An English Stroop task and a French Stroop task were programmed using Neurobehavioral Systems Presentation v.14.9 software. Stimuli were presented on a 19-inch screen. Participants used a Cedrus RB-830 button box equipped with 8 buttons to respond. Six buttons in the upper row were labeled with appropriate colours (red, yellow, green on the left side, and black, silver, white on the right side) and designated as response buttons, and two buttons in the lower row were unlabeled and designated as buttons to press to continue the experiment after instructions or a self-timed break. A manual rather than verbal response device was chosen because it has been shown that bilinguals are at disadvantage for lexical retrieval (e.g., Bialystok et al., Reference Bialystok, Craik and Luk2008; Pelham & Abrams, Reference Pelham and Abrams2014). A study by Kousaie and Phillips (Reference Kousaie and Phillips2012a) showed that there were no bilingual advantages in the Stroop task; however, the participants in this study named colours verbally, which may have cancelled out any bilingual advantages. Therefore, the current study uses a button box.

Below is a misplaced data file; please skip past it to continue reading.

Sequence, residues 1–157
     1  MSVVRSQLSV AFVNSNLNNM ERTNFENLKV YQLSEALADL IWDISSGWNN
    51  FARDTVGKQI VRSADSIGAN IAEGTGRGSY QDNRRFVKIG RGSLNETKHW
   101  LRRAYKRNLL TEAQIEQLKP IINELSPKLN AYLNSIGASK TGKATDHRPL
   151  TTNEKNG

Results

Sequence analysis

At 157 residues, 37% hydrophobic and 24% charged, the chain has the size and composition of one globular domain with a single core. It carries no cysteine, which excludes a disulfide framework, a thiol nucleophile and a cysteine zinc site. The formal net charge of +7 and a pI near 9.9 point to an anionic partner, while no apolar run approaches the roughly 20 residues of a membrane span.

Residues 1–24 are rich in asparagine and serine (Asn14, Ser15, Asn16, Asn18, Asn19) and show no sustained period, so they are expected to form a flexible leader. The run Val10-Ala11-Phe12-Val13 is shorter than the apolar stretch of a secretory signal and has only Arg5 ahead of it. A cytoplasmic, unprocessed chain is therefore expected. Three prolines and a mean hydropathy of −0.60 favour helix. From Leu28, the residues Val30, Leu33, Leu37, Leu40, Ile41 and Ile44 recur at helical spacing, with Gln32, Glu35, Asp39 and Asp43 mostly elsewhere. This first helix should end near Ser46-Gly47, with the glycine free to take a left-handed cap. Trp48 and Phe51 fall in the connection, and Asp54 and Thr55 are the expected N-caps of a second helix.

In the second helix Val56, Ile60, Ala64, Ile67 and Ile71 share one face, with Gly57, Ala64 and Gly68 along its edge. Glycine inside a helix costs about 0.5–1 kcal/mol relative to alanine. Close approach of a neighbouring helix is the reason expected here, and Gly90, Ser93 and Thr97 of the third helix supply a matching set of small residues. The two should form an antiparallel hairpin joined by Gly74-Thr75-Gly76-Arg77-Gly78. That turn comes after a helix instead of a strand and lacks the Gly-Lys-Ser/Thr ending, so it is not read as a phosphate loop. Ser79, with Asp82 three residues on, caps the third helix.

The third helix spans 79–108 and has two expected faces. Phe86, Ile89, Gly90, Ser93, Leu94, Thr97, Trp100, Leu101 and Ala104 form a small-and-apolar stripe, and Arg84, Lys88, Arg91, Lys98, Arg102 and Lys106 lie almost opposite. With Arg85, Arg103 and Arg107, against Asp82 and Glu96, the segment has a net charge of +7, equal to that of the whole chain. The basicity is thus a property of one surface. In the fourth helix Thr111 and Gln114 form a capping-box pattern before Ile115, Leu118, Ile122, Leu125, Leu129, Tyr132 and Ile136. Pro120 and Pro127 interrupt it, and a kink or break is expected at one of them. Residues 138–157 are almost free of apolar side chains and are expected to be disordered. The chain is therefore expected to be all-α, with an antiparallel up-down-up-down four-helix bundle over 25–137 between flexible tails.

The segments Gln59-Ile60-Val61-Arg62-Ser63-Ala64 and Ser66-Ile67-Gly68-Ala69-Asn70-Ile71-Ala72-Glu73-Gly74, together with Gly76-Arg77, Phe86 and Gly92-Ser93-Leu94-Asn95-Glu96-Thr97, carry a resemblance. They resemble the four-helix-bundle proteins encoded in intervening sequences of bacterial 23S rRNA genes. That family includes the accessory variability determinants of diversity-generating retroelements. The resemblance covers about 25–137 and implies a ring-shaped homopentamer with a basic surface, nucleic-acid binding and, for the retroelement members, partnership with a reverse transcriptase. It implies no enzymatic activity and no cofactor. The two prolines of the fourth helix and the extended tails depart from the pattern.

The stimuli used were the words RED, YELLOW, GREEN, BLACK, SILVER, WHITE for English, and ROUGE, JAUNE, VERT, NOIR, ARGENT, BLANC for French. Additionally, the high-frequency words TABLE, CHAIR, FORK, SPOON, HOUSE, and BOOK were included as control items for English, and CHAISE (chair), ARBRE (tree), SOURIS (mouse), STYLO (pen), MAISON (house), and LIVRE (book) were included as control items for French. Words were presented in capital letters in size 60 Times New Roman font in the centre of the screen.
Three separate blocks were created, containing Control (e.g., TABLE, presented in any colour), Congruent (e.g., RED presented in red font), and incongruent (RED presented in green font) trials. An English block containing English Control, English Congruent, and English Stroop items intermixed; a French block containing French Control, French Congruent, and French Stroop items intermixed; and a mixed block containing English and French Control, Congruent, and Incongruent items intermixed were created.